Same Atonement for Rich and Poor (Lev 5:7)
Leviticus specifies the particular ways in which offerings were to be presented to God. A sacrifice had to be of a certain quality and given in a certain manner, among other things. I have wondered: how many animals would an Israelite have offered over his lifetime? In light of this, how prosperous was the average Israelite? Could every Jew afford to offer the required animal offering?
Israel had its fair supply of poverty. Jesus commented in Matthew 26:11, “For you always have the poor with you; but you do not always have Me.” Among poor communities, perhaps many struggled to bring a prescribed offering. These particular families found great hope in Leviticus 5:7ff: “But if he cannot afford a lamb, then he shall…” Moses goes on to write-down what one had to do if he could not afford to bring a lamb for the Guilt Offering. In this way, God provided a means for poor Israelites to partake in the sacrificial system.
“So the priest shall make atonement on his behalf for his sin which he has committed, and it will be forgiven him” (v.10). Though this man was poorer than most, the atonement promised him was no different than the wealthiest merchant’s. The foreshadow quickly leads us to the cross. God always requires a sacrifice to atone for sin. However, in order to make atonement for your sin, you do not need a wealth of riches or righteousness. The poor in Christ enjoy the same forgiveness as the rich in Christ. We see in Leviticus 5:7, 10 a shadow of Christ coming and making a way for all kinds of men – rich and poor, high and low, king and peasant. Earthly status and possession does nothing to atone for sin. All who come to Christ will enjoy the same redemption.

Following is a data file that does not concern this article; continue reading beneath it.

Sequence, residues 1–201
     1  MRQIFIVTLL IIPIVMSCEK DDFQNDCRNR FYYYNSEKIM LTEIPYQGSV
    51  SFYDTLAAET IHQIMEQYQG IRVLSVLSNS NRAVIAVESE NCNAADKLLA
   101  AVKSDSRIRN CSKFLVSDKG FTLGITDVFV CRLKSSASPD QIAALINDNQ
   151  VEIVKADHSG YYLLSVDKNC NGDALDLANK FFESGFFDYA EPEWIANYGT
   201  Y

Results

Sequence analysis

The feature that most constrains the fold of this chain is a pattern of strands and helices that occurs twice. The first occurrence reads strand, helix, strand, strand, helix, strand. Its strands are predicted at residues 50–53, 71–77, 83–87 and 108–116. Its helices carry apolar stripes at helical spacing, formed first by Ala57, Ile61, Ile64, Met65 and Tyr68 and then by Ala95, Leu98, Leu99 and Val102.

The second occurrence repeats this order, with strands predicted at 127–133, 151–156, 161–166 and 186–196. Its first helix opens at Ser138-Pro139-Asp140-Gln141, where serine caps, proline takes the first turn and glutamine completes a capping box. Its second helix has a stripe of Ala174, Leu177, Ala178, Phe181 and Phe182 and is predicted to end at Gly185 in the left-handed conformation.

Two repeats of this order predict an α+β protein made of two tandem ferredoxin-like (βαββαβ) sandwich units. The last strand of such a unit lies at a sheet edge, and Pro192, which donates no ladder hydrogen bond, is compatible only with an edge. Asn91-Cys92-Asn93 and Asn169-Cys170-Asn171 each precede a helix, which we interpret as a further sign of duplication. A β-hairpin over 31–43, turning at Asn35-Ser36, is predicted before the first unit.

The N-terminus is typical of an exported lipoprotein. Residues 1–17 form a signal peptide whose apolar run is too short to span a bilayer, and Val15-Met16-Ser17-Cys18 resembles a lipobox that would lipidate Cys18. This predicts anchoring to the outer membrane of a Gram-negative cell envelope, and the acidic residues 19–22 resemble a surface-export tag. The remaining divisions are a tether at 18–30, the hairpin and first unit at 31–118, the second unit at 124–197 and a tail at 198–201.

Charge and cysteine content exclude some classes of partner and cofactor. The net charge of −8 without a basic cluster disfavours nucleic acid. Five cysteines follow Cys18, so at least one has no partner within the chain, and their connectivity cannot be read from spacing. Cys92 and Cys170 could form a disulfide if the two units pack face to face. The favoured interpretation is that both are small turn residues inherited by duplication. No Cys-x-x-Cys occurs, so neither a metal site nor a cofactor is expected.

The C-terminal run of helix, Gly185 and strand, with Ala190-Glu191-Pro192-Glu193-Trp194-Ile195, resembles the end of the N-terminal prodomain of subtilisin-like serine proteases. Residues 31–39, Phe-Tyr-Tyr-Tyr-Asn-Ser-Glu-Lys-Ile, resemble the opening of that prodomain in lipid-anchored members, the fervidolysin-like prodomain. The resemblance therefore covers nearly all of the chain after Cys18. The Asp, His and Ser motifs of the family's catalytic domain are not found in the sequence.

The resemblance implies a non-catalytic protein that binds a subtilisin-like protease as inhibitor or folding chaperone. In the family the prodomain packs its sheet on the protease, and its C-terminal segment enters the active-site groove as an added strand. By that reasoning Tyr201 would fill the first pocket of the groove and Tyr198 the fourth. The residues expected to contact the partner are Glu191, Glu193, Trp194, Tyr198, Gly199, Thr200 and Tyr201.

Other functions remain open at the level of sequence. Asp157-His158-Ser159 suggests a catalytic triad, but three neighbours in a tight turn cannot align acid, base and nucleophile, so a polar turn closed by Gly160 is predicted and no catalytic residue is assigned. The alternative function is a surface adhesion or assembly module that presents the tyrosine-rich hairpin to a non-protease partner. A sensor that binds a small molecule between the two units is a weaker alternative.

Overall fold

An Atonement Despite Ignorance (Lev 5:17-19)
Consider this scenario: a man sins but is unaware that what he does is sinful. He is ignorant of the Law. Therefore he should be spared judgement under the Law, correct? Consider God’s answer: “Now if a person sins and does any of the things which the Lord has commanded not to be done, though he was unaware, still he is guilty and shall bear his punishment” (v.17). The text says that ignorance of the Law does not excuse someone from a judgment under the Law.
The glimpse of Christ in this text is simple yet powerful: Christ’s death atones for sins that His people do not even realize they commit. I do not have perfect knowledge of my depravity. If I contemplated my wickedness and guilt for centuries, there would still be dark recesses of evil that I could not comprehend. Yet my ignorance of sin does not mean that Christ is an insufficient Savior.
There is a bottomless well of peace here: my confession of sin does not make Christ’s blood atoning. His death was sufficient to redeem me from my sin.